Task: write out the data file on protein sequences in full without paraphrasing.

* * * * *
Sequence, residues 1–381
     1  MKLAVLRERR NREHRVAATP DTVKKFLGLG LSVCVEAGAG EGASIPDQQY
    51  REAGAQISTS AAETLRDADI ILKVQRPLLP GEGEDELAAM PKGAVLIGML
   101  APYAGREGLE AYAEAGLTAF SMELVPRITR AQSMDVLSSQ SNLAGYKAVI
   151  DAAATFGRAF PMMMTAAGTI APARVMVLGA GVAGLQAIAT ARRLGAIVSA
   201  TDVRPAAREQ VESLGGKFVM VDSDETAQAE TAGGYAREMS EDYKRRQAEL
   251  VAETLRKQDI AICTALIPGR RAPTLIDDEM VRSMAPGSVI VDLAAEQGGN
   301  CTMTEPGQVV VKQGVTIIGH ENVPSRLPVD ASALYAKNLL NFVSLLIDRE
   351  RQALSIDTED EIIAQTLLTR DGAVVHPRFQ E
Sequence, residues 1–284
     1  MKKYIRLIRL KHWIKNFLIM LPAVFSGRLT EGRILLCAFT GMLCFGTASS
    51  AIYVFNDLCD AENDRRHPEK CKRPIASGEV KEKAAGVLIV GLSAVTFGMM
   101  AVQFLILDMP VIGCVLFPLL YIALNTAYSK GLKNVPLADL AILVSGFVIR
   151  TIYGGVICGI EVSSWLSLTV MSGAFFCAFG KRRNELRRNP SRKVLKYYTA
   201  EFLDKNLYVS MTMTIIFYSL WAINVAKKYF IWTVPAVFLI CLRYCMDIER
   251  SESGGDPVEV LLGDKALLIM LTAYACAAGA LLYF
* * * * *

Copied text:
Sequence, residues 1–381
     1  MKLAVLRERR NREHRVAATP DTVKKFLGLG LSVCVEAGAG EGASIPDQQY
    51  REAGAQISTS AAETLRDADI ILKVQRPLLP GEGEDELAAM PKGAVLIGML
   101  APYAGREGLE AYAEAGLTAF SMELVPRITR AQSMDVLSSQ SNLAGYKAVI
   151  DAAATFGRAF PMMMTAAGTI APARVMVLGA GVAGLQAIAT ARRLGAIVSA
   201  TDVRPAAREQ VESLGGKFVM VDSDETAQAE TAGGYAREMS EDYKRRQAEL
   251  VAETLRKQDI AICTALIPGR RAPTLIDDEM VRSMAPGSVI VDLAAEQGGN
   301  CTMTEPGQVV VKQGVTIIGH ENVPSRLPVD ASALYAKNLL NFVSLLIDRE
   351  RQALSIDTED EIIAQTLLTR DGAVVHPRFQ E
Sequence, residues 1–284
     1  MKKYIRLIRL KHWIKNFLIM LPAVFSGRLT EGRILLCAFT GMLCFGTASS
    51  AIYVFNDLCD AENDRRHPEK CKRPIASGEV KEKAAGVLIV GLSAVTFGMM
   101  AVQFLILDMP VIGCVLFPLL YIALNTAYSK GLKNVPLADL AILVSGFVIR
   151  TIYGGVICGI EVSSWLSLTV MSGAFFCAFG KRRNELRRNP SRKVLKYYTA
   201  EFLDKNLYVS MTMTIIFYSL WAINVAKKYF IWTVPAVFLI CLRYCMDIER
   251  SESGGDPVEV LLGDKALLIM LTAYACAAGA LLYF